62

After delving into the source code for the JRE library, I noticed a strangely common code structure, like this:

public int foo(double bar) {
    return foo0(bar);
}

private native int foo0(double bar);

What is the purpose of this code pattern, and why is it used instead of simply exposing the underlying native method as the public one?

  • 10
    Good question. You'd have to ask the language designers. Maybe when some of the early libraries were designed, they hadn't yet decided whether or not it would be possible to override a native method. Just guessing. – Dawood ibn Kareem Aug 15 '16 at 1:16
  • 2
    The defination of "many" is subjective. – Raedwald Aug 15 '16 at 6:53
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    As someone who wrote lots of JNI code, I have to say that I'm using the same pattern consequently - last but not least, it's nice to quickly add some System.out.println("The method is called, so why the heck doesn't it work!?!?!"); in the Java part, without having to recompile any native code. – Marco13 Aug 15 '16 at 23:46
47
0

The native version is just an implementation detail.

This pattern separates the public interface of the method from the actual implementation.

I see at least 5 reasons why this is useful:

  • test purpose (you can mock the java method call)
  • alternative implementation: a particular version of the java library may implement that method in pure java form without call to the native implementation (common in swing code).
  • backward compatibility: if in a new version, the method accepts some extra parameters, the original java method signature can be kept and the native implementation adapted.
  • input/output validation: most of the time, before calling the native version, the java code will do some checks on the input parameters and throw exception if needed.
  • isolation: the number of methods that directly uses the native code is limited, allowing more changes in the internal code structure.

You can probably find more advantages.

| improve this answer | |
  • 16
    I don't see how the extra layer of indirection helps with any of this. 1) I don't think native screws with mocking. 2) Different Java implementations are free to make different methods native without conflicting with each other. 3) If the method accepts extra parameters in a new version (unlikely; that'd break backward compatilibity), the changes required are about the same either way. 4) I don't know whether that's actually true, and what about the ones where the non-native method just delegates to the native one directly? ... – user2357112 supports Monica Aug 15 '16 at 4:02
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    Indeed, as per stackoverflow.com/questions/10940502/… it seems that the native keyword isn't part of the method signature, so this answer doesn't actually make sense. – Winston Ewert Aug 15 '16 at 4:37
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    native is not part of the interface. – user253751 Aug 15 '16 at 5:57
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    @OlivierSamyn: The spec does not specify whether methods are native. native might as well be part of the function body for all its visibility to outside users. native is just as hidden when the public method is native directly as it is when the native method is private and wrapped by public methods written in Java. – user2357112 supports Monica Aug 15 '16 at 17:02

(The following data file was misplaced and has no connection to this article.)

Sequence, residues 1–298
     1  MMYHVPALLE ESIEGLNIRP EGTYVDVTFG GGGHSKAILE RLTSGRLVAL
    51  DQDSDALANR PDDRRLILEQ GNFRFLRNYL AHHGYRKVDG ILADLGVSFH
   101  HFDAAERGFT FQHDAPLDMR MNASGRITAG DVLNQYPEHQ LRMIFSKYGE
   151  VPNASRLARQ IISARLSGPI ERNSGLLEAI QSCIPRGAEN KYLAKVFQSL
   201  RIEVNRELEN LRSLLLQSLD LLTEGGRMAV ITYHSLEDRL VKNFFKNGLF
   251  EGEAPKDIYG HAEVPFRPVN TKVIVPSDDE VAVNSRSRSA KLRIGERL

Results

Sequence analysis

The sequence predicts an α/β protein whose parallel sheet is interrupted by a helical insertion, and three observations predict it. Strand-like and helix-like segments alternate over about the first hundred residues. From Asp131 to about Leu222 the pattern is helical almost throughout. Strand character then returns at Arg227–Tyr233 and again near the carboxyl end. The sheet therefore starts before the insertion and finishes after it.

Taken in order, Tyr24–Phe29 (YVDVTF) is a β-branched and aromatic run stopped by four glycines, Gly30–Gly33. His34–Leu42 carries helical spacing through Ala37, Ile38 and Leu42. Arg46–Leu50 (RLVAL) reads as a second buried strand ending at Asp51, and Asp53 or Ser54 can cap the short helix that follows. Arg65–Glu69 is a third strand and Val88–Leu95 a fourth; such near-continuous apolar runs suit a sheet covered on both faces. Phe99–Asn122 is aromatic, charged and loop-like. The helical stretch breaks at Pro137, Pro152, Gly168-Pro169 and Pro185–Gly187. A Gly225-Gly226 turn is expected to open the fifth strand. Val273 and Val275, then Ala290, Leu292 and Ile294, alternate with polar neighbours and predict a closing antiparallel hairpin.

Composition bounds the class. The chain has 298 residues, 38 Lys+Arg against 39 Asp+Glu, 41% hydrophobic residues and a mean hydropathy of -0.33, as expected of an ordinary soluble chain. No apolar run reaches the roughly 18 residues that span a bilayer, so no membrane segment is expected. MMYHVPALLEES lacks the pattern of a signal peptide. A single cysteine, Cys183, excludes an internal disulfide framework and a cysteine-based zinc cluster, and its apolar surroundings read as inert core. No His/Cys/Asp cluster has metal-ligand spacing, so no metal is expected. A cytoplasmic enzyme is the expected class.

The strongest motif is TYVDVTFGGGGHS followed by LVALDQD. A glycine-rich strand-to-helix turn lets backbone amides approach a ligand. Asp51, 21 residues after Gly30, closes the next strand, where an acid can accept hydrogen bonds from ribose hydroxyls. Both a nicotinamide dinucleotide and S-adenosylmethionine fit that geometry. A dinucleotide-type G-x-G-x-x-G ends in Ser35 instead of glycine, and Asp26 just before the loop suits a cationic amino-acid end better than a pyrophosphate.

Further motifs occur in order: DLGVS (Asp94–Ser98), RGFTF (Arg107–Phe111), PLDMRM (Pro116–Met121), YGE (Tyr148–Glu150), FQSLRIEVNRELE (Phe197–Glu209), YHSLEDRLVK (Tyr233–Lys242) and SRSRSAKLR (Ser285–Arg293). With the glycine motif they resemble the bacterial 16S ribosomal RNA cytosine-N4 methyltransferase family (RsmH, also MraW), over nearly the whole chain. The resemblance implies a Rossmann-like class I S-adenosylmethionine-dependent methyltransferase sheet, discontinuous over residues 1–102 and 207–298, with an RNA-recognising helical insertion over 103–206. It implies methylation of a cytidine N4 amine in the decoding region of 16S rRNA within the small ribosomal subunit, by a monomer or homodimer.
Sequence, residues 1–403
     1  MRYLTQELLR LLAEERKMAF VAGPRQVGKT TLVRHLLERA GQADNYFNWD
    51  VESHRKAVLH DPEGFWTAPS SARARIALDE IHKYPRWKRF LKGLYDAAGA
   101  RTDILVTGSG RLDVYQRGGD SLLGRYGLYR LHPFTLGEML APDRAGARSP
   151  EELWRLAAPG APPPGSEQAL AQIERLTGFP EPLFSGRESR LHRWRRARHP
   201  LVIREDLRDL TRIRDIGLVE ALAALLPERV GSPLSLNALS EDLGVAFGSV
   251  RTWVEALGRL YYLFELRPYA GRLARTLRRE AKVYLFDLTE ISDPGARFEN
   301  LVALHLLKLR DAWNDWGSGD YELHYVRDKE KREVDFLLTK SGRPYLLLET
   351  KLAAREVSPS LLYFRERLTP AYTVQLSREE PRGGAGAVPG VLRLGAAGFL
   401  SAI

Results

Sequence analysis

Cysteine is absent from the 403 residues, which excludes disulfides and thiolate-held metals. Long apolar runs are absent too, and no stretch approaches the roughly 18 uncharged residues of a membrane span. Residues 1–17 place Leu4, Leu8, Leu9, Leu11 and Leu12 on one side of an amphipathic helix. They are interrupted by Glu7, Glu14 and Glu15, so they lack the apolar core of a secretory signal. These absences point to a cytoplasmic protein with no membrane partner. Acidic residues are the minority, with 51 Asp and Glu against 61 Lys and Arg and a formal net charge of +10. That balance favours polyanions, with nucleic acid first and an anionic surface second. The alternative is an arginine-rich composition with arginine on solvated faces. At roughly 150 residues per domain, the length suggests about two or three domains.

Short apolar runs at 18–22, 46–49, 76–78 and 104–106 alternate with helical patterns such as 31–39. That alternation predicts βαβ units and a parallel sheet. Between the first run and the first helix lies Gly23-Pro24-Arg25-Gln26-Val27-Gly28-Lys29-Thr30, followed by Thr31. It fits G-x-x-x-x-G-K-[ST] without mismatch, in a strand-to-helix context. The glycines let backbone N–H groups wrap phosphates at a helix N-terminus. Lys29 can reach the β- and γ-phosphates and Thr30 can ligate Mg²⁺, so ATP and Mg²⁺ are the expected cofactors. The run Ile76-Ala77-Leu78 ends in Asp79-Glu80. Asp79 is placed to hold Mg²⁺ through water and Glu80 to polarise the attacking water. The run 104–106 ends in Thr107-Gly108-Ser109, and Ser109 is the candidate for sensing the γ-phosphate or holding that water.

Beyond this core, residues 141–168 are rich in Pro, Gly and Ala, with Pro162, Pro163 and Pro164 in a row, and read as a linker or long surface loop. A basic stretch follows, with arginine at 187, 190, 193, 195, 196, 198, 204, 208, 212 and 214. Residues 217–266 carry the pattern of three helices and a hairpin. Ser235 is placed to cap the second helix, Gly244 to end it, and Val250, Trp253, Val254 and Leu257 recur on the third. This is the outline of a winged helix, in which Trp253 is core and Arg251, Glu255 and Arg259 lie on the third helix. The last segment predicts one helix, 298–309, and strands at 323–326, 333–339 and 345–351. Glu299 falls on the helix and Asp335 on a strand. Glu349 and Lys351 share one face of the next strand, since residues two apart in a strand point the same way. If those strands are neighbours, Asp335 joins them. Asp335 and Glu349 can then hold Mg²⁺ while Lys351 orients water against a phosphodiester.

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    @OlivierSamyn There is no "documentation point of view" because native is not part of the documented signature. javadoc ignores the native keyword. From docs.oracle.com/javase/7/docs/technotes/guides/javadoc/…: Remove "synchronized" and "native" from signatures. Javadoc generates an API specification. These two keywords do not belong in the signatures of a specification, because they are implementation-specific. The keyword "native" does not need to be documented. – jamesdlin Aug 16 '16 at 6:43
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private native int foo(double bar);

So, eventually this has to call a C++ function for its implementation. In particular, it'll end up calling a function with a name something like:

Java_MyClass_foo

What happens if there are multiple native foo methods with different signatures? Complications. If you do it, Java will add type information into the name of the method it looks for. But it is simply easier if you stick to non-overloaded methods.

public int foo(double bar) {
    return foo0(bar);
}

private native int foo0(double bar);

foo0 has been given a unique name, there should never be a reason to add another foo0. This keeps the implementation of the C++ simple, it never has to deal with mangled names. Even if foo eventually gains an overload, it will call foo1 instead of foo0 and the C++ JNI implementation won't have to deal with the extra complications of overloading.

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  • 2
    That may be a reason, but a very unlikely one. Practically, there are no complications. Particularly, there will be no overloading: The javah header generator will detect ambiguities/overloaded methods, and do some name mangling to make the signatures unique. (It has to, in fact, because JNI is plain C, and not C++). – Marco13 Aug 15 '16 at 22:06
  • @Marco13, I explicitly noted that in my answer, "Java will add type information into the name of the method it looks for" and talked about mangled names. – Winston Ewert Aug 15 '16 at 22:40

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